8. Raakel

    Raakel Active Member

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    Hello,

    Sorry about the link. I was working on a UBC computer and forgot about the accessibility of some scholarly articles. I took the information provided from an article titled "The Role of Root Exudes and Allelochemicals in the Rhizosphere" by Cecile Bertin, Xiaohan Yang & Leslie A. Weston of Cornell University in the journal titled "Plant and Soil". There is section describing Black Walnut specifically which states the following: "Plants sensitive to the presence of walnut in the landscape and garden include tomato, potato, pea, pear, apple, cucumber, watermelon, bean, garden cress, corn and many ornamental ericaceous species such as rhododendron and azalea." ...and

    "Since juglone is not particularity water soluble, it does not readily leach through soil settings, but instead can persist underneath the tree canopy where living roots are located. After walnuts are removed from a site or die, toxicity can persist for up to one year following removal, due to the persistence of juglone in the soil."

    It was difficult to find much information about the allelopathic effects of julone after the tree was cut down. In the text quoted it states that juglone does not readily leach the soil. So one questions what breaks it down. There is a lot written about the degradation of juglone by soil bacteria. A second article titled Degradation of Juglone by Soil Bacteria by S.K. Schmidt of the Department of Environmental, Population and Organismic Biology at the University of Colorado, states that Juglone will be metabolized at a rate that is directly proportional to both the concentration of juglone and the size of the microbial population mineralizing juglone. This is also a function of the amount of air in the soil, as the bacteria function only in aerobic conditions. So it seems safe to say that the length of time in which the juglone degrades in the soil also has to do with the aeration of the soil and the amount of bacterial in the soil (which naturally occur in the presence of juglone).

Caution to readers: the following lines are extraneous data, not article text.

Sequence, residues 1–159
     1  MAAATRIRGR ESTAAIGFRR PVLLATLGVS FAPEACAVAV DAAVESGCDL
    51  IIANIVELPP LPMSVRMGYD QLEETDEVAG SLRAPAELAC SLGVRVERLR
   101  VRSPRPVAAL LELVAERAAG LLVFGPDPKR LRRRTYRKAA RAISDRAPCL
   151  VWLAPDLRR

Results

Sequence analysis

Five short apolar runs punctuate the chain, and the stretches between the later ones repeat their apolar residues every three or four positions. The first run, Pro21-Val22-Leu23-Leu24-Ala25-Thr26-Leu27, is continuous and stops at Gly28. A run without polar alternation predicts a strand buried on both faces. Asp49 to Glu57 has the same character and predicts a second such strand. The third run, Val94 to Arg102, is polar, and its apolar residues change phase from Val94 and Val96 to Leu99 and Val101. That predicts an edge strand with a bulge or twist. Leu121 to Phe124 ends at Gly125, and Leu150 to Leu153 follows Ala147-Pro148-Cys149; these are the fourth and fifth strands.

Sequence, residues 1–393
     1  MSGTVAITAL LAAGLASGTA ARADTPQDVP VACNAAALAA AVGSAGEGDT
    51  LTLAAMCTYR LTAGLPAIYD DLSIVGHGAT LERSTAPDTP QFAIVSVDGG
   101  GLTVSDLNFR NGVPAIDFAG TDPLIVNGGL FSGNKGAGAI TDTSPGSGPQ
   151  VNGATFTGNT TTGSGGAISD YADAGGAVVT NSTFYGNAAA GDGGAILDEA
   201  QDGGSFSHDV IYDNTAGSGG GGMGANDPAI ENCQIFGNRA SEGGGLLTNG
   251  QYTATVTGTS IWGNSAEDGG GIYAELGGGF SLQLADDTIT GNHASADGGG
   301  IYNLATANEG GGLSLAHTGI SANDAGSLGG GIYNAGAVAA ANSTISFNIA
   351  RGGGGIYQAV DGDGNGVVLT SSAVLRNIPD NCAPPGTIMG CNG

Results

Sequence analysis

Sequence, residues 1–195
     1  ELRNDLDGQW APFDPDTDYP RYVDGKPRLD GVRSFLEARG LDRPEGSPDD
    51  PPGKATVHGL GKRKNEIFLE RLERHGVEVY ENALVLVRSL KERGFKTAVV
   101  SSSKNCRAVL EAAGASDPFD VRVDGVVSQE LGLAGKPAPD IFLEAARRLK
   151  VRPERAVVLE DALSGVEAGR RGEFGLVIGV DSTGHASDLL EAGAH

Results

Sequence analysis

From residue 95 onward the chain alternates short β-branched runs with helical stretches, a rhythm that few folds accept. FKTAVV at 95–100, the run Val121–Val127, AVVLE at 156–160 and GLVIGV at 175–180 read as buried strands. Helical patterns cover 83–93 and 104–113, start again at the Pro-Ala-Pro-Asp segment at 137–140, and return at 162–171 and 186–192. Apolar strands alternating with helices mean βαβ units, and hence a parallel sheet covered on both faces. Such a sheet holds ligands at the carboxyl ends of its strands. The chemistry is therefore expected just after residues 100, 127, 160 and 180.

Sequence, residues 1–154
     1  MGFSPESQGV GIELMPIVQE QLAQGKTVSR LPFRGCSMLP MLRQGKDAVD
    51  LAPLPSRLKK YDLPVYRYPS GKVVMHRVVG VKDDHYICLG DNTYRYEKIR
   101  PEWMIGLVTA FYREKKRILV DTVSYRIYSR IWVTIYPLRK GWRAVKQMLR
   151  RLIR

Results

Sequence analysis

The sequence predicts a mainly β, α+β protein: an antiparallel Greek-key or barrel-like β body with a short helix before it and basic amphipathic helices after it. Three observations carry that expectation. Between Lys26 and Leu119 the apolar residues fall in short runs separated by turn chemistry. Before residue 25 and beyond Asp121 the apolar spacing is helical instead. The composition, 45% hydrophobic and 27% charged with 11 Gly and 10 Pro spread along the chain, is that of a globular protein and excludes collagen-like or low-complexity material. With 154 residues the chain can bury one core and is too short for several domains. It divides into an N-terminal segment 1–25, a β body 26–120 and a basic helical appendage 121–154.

To play it safe I would wait longer than a year to plant your rhododendrons. If your tree has already been removed wait until the fall of 2007. If you cant stand to look at bare ground, or you want to prevent the invasion of opportunistic weeds, chose plants which are tolerant of juglone.

    Raakel
     
  9. MXB

    MXB Active Member

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    Superb info. Many thx to all ;-)

    MXB
     
  10. cowboy

    cowboy Active Member

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    You might want to check with woodworkers in your area. A 20' oak could be put to use. There may be people with portable sawmills that would be willing to come out to cut it up. A phone call or two should give you some information on this option.
     
  11. Dixie

    Dixie Active Member

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    black walnut wood is highly valuable. good suggestion from cowboy.